Dealing With Leaky Faucets, Showers and Bathtubs

As a homeowner, you use the faucets in your home several times a day: to wash your hands, to take a hot shower or bath, and to wash your dishes. Like any wear item, eventually the faucets in your home will begin to leak, sometimes barely noticeably and other times it will be a steady, annoying drip. Dripping, leaky faucets are more than an annoyance; they can cost you a lot of money over time in increased water and sewer bills.

Whether its in your shower, tub or sink, when faucets leak, it’s typically a sign that some part, often a washer or seal, has worn out and must be replaced. Because of the constant water pressure running through these appliances, these small parts can wear out over time and cause leaks and drips.

A simple washer replacement may be a repair you can tackle as a homeowner. If you don’t replace it, or have a plumber come in to look at the problem, it will continue to get worse. Eventually, the leak may corrode the fixtures and stain the sink bowl, not to mention wasting a lot of water! If replacing the washer doesn’t fix the problem, or if you’re just not comfortable doing plumbing repair on your own, call a reliable licensed plumber.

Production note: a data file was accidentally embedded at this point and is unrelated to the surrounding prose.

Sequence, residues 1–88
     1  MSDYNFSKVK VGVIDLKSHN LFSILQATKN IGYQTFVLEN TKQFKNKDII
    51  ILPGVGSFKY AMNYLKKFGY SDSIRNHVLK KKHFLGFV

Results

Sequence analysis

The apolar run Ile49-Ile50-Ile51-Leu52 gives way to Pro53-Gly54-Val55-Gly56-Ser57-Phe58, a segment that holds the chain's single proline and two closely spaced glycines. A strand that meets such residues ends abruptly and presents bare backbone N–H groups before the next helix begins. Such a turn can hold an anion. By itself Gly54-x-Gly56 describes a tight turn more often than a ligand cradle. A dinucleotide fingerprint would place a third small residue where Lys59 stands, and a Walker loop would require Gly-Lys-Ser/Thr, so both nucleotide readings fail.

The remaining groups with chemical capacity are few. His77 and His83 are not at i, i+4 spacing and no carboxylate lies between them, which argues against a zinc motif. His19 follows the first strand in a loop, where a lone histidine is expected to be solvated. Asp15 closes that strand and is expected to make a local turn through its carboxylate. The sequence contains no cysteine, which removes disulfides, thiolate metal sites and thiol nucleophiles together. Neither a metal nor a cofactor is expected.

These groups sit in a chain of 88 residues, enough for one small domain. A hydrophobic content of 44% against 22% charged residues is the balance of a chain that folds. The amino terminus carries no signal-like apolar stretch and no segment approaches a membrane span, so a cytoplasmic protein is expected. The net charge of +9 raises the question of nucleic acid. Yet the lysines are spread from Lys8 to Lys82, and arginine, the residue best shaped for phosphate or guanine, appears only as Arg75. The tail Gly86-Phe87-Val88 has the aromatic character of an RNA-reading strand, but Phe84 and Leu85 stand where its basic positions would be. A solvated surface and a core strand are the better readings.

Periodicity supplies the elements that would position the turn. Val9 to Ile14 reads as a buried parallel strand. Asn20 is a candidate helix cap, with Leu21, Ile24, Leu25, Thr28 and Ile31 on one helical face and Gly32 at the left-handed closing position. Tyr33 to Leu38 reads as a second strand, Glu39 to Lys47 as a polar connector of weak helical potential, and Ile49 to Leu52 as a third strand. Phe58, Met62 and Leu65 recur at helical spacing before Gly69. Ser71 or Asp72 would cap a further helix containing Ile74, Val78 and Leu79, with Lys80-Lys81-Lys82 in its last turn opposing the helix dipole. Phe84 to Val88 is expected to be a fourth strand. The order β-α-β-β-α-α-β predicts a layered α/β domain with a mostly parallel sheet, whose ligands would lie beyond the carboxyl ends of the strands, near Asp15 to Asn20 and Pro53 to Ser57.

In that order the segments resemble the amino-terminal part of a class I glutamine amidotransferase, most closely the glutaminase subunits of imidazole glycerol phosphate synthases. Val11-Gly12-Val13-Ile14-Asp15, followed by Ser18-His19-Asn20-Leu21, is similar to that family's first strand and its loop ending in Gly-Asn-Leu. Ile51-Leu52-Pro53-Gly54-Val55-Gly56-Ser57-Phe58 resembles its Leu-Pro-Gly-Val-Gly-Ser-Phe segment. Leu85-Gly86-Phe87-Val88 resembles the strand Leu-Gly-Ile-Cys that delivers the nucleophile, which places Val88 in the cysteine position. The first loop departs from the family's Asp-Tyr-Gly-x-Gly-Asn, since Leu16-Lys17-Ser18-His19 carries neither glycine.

A shower or tub leak can be particularly troubling for homeowners. Water damage to your floor and subfloor can quickly escalate the situation into a major problem–especially in the case of an upstairs bathroom. Particularly if you have a large and heavy soaking tub, having a leak can be a big cause for concern.

There are only a certain number of possibilities for where the problem could be, because showers and tubs are fairly simple construction. Once you’ve eliminated the possibility that your shower or tub “leak” is simply your kids getting a little too enthusiastic while splashing around during bath time, you’ll need to methodically work your way through the possibilities until you find the leak.

Possible sources of the leak include:

  • The surround, especially where the tile or surround meets the tub or shower floor.
  • The tub, shower drain or overflow.
  • The wall valve.
  • The plumbing connections in the walls.
  • The shower head or tub faucet.

If you don’t successfully find the leak by checking these potential sources, or if you’d rather have an experienced professional tackle the job, just call a licensed and reliable plumber.